Tuesday, December 30, 2014
Saint Pope Clement I- Early Church Father
Saint Pope Clement I is also known as Clement of Rome. There are differing views as to exactly when and where he was born. The general agreement is that he may have been a freed man from a Roman household. He is generally considered by the Roman Catholic Church to be one of the Greek Fathers and an Apostolic Father. He was the third successor to Peter as Pope, after Linus and Anacletus (Cletus), and writings from other Early Fathers including those of St. Irenaeus, Origen, and St. Jerome, to name a few, say that Clement was baptised by Peter. He was also a contemporary of Paul, and one of the early writers in speaking of Clement, said that "the preaching of the Apostles still rang in his ears".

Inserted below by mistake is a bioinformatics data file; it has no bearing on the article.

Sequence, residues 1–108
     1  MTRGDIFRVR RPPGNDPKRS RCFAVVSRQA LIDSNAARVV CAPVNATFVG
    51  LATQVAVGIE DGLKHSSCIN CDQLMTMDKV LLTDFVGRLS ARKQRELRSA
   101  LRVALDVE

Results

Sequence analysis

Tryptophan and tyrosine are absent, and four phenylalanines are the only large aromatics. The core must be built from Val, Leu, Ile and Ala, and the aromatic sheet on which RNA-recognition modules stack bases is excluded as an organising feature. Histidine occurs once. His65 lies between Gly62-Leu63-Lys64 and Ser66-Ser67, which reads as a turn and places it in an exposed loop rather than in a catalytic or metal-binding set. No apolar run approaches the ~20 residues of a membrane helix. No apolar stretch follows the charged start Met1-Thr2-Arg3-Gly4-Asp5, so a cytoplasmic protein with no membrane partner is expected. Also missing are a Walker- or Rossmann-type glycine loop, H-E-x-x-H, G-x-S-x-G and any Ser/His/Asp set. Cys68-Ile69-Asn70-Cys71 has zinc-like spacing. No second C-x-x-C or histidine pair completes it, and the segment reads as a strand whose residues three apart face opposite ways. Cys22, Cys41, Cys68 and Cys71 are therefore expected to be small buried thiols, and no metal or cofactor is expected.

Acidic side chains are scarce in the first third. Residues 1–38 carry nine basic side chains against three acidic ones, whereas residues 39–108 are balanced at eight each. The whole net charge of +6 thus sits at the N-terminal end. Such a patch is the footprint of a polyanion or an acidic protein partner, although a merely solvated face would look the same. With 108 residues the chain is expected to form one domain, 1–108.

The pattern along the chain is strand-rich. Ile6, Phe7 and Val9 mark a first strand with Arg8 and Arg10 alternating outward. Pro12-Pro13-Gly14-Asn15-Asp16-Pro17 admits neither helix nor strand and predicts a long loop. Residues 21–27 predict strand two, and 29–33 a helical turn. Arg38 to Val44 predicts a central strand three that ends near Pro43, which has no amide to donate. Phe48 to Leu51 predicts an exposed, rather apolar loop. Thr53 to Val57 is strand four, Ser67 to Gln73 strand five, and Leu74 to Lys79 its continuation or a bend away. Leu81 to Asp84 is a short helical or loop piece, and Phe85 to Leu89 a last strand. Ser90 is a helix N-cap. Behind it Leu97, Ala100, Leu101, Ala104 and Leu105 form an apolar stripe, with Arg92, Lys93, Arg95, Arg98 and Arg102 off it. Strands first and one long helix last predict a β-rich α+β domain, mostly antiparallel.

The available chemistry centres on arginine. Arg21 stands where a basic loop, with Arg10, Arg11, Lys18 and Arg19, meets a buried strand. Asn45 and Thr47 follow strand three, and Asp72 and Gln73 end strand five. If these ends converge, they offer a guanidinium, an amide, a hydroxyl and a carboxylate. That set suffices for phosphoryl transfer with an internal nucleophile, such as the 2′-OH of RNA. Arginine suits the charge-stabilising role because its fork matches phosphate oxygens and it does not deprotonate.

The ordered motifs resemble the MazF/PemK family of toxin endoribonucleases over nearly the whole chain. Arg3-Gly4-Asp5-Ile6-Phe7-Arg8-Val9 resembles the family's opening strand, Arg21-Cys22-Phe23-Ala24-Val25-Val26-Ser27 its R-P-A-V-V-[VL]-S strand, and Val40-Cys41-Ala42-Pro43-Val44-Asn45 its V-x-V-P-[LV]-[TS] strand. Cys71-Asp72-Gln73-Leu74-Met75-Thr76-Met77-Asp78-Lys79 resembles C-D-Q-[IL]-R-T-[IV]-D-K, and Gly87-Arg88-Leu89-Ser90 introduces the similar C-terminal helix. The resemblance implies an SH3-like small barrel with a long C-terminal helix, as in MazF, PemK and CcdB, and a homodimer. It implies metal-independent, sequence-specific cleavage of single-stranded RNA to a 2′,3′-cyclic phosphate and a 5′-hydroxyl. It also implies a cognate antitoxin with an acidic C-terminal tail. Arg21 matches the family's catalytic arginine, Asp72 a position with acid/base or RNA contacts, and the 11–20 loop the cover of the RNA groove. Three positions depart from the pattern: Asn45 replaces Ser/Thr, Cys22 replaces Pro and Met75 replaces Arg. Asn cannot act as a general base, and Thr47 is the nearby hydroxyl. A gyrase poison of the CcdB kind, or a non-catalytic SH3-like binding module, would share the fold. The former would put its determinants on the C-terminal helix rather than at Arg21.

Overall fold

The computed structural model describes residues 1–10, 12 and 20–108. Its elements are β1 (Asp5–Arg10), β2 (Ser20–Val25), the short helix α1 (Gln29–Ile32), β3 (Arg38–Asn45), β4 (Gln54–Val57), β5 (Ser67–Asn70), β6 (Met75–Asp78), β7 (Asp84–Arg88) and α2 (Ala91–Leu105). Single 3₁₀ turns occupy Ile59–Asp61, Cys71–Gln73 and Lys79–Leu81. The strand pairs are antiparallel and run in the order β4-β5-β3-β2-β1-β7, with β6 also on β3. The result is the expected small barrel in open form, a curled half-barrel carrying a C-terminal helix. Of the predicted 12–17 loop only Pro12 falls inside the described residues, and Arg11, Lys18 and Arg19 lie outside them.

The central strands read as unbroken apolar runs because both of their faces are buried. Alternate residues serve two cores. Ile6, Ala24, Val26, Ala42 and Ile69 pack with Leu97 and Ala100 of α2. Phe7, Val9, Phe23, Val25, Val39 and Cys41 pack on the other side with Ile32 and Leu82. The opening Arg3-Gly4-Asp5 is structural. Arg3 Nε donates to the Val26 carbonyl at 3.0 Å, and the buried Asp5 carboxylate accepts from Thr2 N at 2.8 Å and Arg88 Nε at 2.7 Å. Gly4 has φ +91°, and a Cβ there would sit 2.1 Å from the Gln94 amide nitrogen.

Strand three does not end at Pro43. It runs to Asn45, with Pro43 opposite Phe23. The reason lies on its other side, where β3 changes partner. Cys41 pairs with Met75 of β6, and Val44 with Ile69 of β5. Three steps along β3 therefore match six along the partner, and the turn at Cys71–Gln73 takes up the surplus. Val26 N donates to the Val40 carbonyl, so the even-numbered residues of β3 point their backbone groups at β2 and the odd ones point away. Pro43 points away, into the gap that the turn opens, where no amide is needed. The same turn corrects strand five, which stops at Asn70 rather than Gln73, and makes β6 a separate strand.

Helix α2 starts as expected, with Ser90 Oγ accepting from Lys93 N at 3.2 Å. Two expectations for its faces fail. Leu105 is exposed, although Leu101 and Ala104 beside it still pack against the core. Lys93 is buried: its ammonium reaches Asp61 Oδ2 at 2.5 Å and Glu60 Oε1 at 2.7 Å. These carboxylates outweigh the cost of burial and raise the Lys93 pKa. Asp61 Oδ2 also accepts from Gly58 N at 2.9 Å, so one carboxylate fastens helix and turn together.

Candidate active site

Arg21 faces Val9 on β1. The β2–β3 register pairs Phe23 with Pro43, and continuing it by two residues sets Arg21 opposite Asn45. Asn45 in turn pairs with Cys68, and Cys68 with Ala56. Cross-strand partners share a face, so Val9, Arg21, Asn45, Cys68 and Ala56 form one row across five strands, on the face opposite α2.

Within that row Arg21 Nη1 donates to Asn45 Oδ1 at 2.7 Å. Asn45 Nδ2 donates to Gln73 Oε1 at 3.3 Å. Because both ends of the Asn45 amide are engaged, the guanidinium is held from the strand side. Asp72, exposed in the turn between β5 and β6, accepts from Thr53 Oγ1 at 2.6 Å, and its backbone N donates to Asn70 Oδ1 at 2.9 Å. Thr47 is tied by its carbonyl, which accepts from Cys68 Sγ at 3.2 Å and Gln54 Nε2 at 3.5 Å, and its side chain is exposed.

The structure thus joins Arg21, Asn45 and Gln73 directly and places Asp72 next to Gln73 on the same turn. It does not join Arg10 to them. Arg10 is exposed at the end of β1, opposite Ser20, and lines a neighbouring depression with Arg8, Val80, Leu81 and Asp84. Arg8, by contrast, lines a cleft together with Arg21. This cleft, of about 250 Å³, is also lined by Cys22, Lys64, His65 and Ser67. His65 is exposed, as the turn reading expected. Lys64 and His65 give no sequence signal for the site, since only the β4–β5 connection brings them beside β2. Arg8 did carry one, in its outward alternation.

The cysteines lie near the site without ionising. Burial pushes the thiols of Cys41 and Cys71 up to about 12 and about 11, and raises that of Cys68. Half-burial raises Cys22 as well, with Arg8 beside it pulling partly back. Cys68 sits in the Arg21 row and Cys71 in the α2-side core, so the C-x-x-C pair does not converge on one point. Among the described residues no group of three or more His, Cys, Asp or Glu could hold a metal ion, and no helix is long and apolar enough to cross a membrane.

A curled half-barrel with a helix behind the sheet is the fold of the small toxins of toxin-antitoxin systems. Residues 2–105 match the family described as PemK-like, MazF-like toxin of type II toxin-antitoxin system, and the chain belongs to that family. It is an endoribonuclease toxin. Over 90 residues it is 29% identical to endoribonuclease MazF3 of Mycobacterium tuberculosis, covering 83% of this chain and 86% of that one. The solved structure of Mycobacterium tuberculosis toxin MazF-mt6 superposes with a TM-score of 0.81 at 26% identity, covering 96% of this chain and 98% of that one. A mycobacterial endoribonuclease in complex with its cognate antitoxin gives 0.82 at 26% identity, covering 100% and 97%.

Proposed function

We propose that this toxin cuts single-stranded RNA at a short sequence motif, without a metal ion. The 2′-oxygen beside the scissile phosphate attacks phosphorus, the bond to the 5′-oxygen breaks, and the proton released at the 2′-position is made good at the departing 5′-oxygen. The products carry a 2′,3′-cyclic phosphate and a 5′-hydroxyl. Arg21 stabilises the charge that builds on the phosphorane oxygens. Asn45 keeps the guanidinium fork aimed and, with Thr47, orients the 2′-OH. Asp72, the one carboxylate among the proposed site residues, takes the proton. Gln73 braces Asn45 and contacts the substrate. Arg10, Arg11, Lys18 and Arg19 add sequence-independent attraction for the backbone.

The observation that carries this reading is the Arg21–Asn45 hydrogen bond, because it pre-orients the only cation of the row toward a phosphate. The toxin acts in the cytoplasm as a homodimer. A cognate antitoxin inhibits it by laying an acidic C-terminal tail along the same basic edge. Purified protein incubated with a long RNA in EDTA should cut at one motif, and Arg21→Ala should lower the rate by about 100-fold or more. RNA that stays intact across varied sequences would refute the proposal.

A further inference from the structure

The one thing that gives us more knowledge about Clement than the first two sucessors of Peter, is Clements "Epistle to the Corinthians", a letter he wrote to the "sojourning Church in Corinth from the sojourning Church in Rome", in regard to a schism happening there. The date of the letter is believed to have been around 96 A.D. His name does not appear in the letter nor did he direct the letter to a bishop at Corinth, but, the letter seems to have been generally intended for all in the Church at Corinth. Clements Epistle, is also the first evidence of papal correction to a Church outside of Rome. The letter he wrote was so highly regarded by the Church at Corinth, that a decade or so later, the bishop in Corinth in a letter to Rome, mentions that the letter from Clement was read at their assemblies. Indeed, this letter was also included in the early Bibles of many of the eastern Churches, before the canon was established in the Latin Vulgate.
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